Making plans with other moms these days is somewhat of an exercise similar to that three-mile run I force myself to do after a two week . . . or six month . . . hiatus from running. It is sweaty, it is a brutal uphill challenge, but when you come out the other end and finish that run–or find that one perfect day where your schedules match up–it feels like the best, inconsequential accomplishment ever. There are nap schedules, there are doctors’ appointments, there is gymnastics and T-ball, there are work schedules, that day your friend is watching her sister’s kids, your child’s preschool friend’s birthday party . . . I’m not even sure how it all piles up, but there are piles, and piles of commitments to navigate. But that is life, and it is rich, and it is wonderful, and it was worth all the hectic mayhem. We are so lucky to have the ability to participate in all these amazing things. This is what makes a family full and alive.
But as we age, there is something else presenting itself and glaring us in the face. It is the aging of our parents. It is their doctor’s appointments, their unexpected emergency department visits. It may be a fall. It may be weakness. It may be feeling dizzy. It may be feeling short of breath. We find ourselves sitting in hospital rooms with our lifelong caretakers. In our visions for our futures, with our homes, with our careers, with our families, we never envisioned this. This is all very unexpected.
I met my father-in-law 14 Thanksgivings ago. I was so nervous to meet my boyfriend’s parents. I had no idea what to expect and even less of a clue how to act. I battled my nerves the whole three-hour drive from our little bubble of a world on our college campus to my boyfriend’s little hometown in Michigan. He told me not to be nervous, “there is nothing to be nervous about! They will love you!” Ah yes. What mother doesn’t love the girl her son brings home? Of course she will think I am good enough . . .
I remember pulling up to their home. I remember finding my now father-in-law in the midst of making lunch for us. I remember that big, hearty hug he gave me, and that gentle pat on the back with those kind eyes. I remember feeling welcome.
I learned in the years to come more and more about my father-in-law. I learned that he worked hard hours, never complained, and put his head and hands to his work to provide for his family. He was always a do-it-yourself, fix-it-yourself man. He worked with his hands. He built the kitchen in their home. He built their deck. He fixed the plumbing. He fixed the car. He built an extra bathroom. Sometimes by trial and error, but he got it done. He was a man of not too many words, but he showed his love and affection through his work. He was the builder, the fixer, the caretaker for his family, for his neighbors, for his friends. When we moved into our new home and the basement flooded, we waited patiently for my father-in-law to visit so he could teach my husband how to replace the base molding that was now water-logged and rotted. After I gave birth to the twins and was in a complete state of sleep deprivation and disarray, it was my father-in-law that, night after night, cooked us dinner without which, I am at a loss to know how we would have eaten or if we would even have remembered. This is how he provided. He was the strength, producing for his family.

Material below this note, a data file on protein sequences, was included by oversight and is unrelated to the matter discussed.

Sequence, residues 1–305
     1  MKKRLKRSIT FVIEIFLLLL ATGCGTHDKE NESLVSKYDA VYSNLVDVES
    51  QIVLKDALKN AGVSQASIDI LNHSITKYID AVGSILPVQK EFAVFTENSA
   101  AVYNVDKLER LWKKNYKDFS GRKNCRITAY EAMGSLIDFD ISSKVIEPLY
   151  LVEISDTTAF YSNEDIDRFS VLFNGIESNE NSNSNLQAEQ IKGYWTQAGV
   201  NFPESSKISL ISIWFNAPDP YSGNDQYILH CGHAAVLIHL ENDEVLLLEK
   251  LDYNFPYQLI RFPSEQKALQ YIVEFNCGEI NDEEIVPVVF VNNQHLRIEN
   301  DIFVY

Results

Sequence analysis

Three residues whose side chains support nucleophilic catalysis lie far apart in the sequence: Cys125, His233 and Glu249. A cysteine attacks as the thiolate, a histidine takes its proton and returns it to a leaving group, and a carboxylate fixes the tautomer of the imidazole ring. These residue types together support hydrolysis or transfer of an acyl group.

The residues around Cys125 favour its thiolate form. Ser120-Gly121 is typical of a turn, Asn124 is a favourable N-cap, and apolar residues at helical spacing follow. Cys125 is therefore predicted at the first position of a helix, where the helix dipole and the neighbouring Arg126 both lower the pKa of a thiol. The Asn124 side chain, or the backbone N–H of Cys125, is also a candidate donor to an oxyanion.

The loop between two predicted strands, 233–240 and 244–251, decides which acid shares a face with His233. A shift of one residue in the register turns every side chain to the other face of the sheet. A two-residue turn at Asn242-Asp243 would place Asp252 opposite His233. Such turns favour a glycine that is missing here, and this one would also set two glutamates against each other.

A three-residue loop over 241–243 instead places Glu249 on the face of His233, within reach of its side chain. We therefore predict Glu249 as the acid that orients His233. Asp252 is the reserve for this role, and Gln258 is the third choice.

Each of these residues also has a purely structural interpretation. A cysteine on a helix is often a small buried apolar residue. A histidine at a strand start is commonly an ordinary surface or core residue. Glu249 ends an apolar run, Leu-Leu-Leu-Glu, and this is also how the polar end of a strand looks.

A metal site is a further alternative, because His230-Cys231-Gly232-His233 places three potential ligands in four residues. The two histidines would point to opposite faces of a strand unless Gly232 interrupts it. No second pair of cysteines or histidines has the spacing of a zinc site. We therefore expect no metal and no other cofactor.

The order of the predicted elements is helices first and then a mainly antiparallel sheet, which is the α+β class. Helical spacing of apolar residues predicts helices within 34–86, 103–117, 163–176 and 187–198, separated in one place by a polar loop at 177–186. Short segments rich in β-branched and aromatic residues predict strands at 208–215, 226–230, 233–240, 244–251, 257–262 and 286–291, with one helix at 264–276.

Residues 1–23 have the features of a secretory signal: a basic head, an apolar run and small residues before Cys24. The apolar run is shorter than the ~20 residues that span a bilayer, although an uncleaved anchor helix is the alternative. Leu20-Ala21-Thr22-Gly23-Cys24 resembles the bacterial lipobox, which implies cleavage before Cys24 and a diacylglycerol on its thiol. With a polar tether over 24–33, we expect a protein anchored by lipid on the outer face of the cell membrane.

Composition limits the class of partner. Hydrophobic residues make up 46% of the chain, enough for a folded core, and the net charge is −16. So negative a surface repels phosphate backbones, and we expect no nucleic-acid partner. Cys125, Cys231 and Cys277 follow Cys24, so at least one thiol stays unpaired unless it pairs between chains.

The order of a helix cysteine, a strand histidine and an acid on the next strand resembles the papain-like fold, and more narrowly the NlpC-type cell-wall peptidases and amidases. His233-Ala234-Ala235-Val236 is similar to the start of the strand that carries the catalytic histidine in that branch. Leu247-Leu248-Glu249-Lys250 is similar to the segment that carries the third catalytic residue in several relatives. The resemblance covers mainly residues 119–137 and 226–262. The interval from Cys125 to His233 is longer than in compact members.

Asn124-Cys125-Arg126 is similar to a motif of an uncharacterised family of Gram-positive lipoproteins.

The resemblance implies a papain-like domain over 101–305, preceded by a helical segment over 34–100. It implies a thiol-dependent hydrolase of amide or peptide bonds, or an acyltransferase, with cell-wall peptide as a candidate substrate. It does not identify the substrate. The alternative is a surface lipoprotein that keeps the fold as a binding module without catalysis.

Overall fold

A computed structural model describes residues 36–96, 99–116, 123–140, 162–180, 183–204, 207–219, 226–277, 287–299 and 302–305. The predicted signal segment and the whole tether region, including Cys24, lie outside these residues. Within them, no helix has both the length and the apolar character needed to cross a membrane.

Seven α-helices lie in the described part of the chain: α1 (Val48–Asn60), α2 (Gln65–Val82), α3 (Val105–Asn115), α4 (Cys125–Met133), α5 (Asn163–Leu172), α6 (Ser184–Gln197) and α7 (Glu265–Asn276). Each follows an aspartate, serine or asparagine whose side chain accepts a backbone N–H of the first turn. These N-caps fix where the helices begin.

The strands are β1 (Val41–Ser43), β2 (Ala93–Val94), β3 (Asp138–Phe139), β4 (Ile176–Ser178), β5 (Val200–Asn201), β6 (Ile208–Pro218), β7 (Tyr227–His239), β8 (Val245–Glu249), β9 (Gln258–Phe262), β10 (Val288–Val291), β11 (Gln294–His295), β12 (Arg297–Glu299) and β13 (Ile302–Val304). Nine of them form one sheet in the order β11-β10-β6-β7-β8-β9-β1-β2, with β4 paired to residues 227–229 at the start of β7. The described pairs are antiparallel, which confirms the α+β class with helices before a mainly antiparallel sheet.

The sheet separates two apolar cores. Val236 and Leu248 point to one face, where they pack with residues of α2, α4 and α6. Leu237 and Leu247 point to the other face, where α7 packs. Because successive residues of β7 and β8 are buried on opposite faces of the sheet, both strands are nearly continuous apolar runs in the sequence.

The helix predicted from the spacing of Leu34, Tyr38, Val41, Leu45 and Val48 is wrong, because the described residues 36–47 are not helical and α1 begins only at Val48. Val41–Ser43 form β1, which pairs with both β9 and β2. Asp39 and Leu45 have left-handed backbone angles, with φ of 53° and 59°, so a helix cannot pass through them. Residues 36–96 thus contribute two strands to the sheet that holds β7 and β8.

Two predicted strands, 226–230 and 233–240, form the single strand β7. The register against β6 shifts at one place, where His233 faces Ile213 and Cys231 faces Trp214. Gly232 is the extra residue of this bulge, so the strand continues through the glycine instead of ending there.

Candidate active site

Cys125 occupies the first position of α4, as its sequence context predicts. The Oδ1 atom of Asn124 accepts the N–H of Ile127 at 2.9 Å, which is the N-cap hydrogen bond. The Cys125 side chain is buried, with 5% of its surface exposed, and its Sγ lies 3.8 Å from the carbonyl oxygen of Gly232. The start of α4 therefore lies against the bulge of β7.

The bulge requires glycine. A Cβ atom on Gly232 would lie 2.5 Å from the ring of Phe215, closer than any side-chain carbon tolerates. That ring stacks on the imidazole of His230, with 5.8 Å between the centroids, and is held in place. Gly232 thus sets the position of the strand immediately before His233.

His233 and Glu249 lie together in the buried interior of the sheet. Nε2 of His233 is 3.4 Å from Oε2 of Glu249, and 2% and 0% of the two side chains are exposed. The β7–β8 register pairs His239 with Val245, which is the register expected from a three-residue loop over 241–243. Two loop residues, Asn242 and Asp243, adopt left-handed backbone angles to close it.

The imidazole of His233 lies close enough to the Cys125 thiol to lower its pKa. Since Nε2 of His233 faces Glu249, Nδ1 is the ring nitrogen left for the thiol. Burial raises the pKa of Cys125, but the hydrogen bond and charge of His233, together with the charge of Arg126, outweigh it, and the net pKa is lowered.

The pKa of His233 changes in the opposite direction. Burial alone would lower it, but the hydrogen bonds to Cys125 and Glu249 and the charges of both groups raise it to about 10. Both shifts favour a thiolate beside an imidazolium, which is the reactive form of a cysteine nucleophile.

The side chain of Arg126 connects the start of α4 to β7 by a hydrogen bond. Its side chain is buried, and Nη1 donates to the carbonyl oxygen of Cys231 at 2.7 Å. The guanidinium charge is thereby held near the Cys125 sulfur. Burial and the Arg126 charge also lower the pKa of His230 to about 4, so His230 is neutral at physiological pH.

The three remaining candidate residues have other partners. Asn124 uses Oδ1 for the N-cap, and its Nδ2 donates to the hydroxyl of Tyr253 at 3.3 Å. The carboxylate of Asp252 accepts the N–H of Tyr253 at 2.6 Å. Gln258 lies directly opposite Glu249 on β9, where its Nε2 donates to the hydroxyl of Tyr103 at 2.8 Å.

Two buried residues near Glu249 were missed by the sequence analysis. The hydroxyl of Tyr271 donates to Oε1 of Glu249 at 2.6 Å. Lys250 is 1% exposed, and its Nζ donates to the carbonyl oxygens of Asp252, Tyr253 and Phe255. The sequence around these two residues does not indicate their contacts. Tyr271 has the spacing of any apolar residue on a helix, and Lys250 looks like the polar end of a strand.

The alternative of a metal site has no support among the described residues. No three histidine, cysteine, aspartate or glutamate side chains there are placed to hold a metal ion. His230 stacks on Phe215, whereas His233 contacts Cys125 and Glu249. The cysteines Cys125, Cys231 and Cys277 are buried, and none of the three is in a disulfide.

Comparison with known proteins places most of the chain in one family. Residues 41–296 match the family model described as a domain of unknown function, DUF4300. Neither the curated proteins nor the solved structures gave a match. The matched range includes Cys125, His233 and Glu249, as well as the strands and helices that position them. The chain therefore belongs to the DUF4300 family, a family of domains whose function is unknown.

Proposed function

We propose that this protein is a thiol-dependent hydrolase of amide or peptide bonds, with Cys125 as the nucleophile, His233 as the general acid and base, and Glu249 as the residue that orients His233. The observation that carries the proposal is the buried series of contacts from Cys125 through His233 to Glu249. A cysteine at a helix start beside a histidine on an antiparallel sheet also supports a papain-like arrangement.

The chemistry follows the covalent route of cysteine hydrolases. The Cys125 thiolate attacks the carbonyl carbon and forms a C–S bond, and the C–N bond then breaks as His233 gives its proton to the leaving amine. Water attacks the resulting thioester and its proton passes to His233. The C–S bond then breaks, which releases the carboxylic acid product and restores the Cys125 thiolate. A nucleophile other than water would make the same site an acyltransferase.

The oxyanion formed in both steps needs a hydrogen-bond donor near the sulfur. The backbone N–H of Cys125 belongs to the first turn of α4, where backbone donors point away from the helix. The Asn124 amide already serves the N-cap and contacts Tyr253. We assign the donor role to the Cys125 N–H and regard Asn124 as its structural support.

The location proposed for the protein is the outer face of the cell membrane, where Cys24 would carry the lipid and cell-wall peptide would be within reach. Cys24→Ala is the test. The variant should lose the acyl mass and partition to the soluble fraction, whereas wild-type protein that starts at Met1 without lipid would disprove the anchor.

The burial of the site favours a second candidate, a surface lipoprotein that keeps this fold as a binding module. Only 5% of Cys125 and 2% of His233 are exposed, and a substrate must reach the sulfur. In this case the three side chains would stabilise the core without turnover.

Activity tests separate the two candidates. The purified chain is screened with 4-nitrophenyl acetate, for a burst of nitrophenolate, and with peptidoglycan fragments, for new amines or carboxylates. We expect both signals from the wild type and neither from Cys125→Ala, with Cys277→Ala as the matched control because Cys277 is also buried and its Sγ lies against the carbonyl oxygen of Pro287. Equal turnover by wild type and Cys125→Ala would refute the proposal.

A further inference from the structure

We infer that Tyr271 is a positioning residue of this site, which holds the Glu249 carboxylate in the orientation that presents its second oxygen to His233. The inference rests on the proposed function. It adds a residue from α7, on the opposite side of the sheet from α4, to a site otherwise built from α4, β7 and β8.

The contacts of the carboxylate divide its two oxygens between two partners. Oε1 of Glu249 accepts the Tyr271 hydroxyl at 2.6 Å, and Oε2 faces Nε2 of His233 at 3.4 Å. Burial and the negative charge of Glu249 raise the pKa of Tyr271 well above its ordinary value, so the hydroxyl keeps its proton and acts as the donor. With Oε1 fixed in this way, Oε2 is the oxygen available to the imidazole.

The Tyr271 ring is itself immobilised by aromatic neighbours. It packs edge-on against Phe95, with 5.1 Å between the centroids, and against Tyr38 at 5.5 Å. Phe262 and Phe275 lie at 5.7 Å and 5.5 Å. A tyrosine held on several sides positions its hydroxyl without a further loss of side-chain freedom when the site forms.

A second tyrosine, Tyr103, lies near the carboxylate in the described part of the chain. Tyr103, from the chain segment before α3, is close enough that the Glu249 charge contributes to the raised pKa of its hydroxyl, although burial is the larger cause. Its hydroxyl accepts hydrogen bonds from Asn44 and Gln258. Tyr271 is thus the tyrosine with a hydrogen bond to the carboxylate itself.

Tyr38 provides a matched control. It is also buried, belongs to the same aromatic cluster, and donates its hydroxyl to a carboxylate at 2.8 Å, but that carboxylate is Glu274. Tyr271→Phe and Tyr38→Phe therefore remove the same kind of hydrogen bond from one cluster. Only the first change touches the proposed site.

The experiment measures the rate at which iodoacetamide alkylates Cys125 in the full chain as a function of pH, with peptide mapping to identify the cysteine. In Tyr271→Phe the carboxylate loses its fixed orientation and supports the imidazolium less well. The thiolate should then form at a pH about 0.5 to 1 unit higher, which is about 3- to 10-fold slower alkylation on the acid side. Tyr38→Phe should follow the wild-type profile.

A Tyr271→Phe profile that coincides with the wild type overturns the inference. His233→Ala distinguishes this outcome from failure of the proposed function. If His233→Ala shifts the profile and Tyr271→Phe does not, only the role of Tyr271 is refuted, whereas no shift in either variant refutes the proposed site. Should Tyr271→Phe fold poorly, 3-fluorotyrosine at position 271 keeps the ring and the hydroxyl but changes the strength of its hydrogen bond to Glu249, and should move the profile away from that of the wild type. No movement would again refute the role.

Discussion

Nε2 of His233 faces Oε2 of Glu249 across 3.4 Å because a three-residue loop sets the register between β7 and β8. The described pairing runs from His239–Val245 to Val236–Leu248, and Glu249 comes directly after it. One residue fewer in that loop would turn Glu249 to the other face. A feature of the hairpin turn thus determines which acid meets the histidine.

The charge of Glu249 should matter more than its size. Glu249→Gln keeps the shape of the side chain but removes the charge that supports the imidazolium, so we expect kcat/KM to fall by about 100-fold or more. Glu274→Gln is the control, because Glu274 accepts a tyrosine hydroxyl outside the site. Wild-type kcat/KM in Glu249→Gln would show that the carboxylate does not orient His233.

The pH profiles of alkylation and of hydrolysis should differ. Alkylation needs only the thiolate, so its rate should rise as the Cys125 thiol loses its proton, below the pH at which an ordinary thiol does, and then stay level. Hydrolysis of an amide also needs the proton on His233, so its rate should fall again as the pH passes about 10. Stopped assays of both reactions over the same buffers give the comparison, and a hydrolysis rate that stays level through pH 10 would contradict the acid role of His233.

As the years have passed, I know it has been a struggle for him. It has been a struggle for him because often times, the walk up those 8 steps leading from our garage to our home is a daunting challenge. It sometimes takes all he has to make it up those steps, feeling winded, feeling light-headed, feeling bewildered, trying to remember when his physical strength had been hijacked. It breaks my heart to imagine what this must be like. To be the strength, and now to find your body unable to keep up with your will and desires to provide as you have lived your lifetime doing.
I can’t imagine, but I want him to imagine what it is like for us. For us, it has never been about what he built, it has never been what he could fix, it has always been about his intentions, the vast amount of love and steadfast committment that went into every project. It has been his effort, it has been his heart.
It is his heart. Oh, it has always, always been his heart that is his greatest strength. It is those words he says when I’ve been working tirelessly all weekend, feeling so incredibly worn, those words of acknowledgement, “you must be tired.” This is the strength that we see in those kind, always welcoming eyes that I met those 14 Thanksgivings ago. It is that heart that my five-year-olds so affectionately call Grampy and my two-year-old calls Babba.
So, today, on my father-in-law’s birthday, I just want him to know, we see him for who he is. He may not say much, but we hear every word. Don’t let his sometimes gruff demeanor fool you. He is full teddy bear. He is full of heart, he is full of love, he is full of strength.
On your 78th Birthday, we love you Grampy, Babba, Byron. Happy, happy birthday.